Monthly Archives: January 2013

JD by Jamey Newberg: a review

While this work necessarily has some biographical content, it’s largely about how GM Jon Daniels runs the Ranger’s organization–the things he emphasizes, the people he hires, the objectives he sets, the ways he communicates, the methods he uses to collect information, and the reasons behind those practices. Newberg, who’s been writing about the Rangers organization since the late 1990s, clearly knows the material.

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A Tradition of Victory by Alexander Kent: a short review

Admiral Bolitho leads a small squadron tasked with destroying the small craft the French are building to convey an invasion force across the Channel, shortly before the anticipated Treaty of Amiens brings a temporary peace. His captains include Thomas Herrick (a commodore in this book), Francis Inch, Oliver Browne-with-an-e, John Neale, and Valentine Keen. And old Phalarope–Bolito’s frigate in To Glory We Steer–joins the fleet on location, with Adam Pascoe as first lieutenant. Things go wrong, then they go right.

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Sparky and Me by Daniel Ewald: a short review

Besides the Life Lessons, the book contains a quite a bit of biographical material, and a surprising amount of information and commentary about Sparky’s managerial methods. Sparky was more a motivator and molder than a tactician, as anyone who followed his teams knows. Ewald witnessed that during Anderson’s Tiger years, and heard many tales about how he worked with the Cincinnati team’s egos.

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A Sioux story of the war by Wamditanka: a short review

This article offers a different perspective on the Minnesota events reported in Theodore Potter’s Autobiography, which I’ve recently reviewed here. The “author,” also known as Big Eagle, was an officer on the Indian side during the second battles at New Ulm and Fort Ridgely. Big Eagle talks about the reasons for the war, the tribal politics of the decision to go to war, and gives accounts of the battles he participated in. The narrative generally rings true, and is therefore interesting, but there are some problems.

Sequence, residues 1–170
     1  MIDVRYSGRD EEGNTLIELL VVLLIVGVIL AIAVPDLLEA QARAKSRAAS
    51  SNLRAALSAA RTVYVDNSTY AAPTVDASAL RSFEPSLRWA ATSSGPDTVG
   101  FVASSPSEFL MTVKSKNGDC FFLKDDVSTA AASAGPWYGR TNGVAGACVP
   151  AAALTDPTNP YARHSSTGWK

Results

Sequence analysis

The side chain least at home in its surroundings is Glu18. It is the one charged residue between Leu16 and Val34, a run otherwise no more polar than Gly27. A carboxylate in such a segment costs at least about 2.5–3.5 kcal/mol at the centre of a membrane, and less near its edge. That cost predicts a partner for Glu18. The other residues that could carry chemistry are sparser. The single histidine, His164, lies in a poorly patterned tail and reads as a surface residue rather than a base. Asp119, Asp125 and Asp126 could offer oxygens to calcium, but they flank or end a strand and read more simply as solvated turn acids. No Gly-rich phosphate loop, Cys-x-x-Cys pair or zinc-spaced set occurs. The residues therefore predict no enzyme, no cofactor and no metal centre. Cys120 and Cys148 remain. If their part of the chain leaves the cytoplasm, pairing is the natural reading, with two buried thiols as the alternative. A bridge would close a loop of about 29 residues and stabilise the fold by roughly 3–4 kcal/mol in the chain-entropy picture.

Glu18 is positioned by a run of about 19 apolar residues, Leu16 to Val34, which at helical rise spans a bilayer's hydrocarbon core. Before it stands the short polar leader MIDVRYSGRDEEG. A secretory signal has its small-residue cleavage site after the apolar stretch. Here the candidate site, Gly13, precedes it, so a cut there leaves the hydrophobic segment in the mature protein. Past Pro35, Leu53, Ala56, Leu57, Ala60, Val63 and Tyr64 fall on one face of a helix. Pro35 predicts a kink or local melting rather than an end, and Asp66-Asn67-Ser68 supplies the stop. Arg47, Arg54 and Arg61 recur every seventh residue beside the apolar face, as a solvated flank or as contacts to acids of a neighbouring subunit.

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The Autobiography of Theodore Edgar Potter: a review

Potter was a competent writer and a gifted story-teller. His memoir is largely concerned with the years from 1852 to 1865, during which the author joined the California gold rush, took part (after a fashion) in William Walker’s Nicaraguan filibuster, visited New York, New Orleans, and Saint Louis, and took up residence in southern Minnesota. He was a captain in the militia which defended New Ulm during the Dakota War of 1862; later he was a Union officer whose troops participated at the fringe of the Battle of Nashville–mostly they chased, and sometimes caught, partisan guerillas. Some years later he was involved in the apprehension of the Younger brothers gang, again in southern Minnesota.

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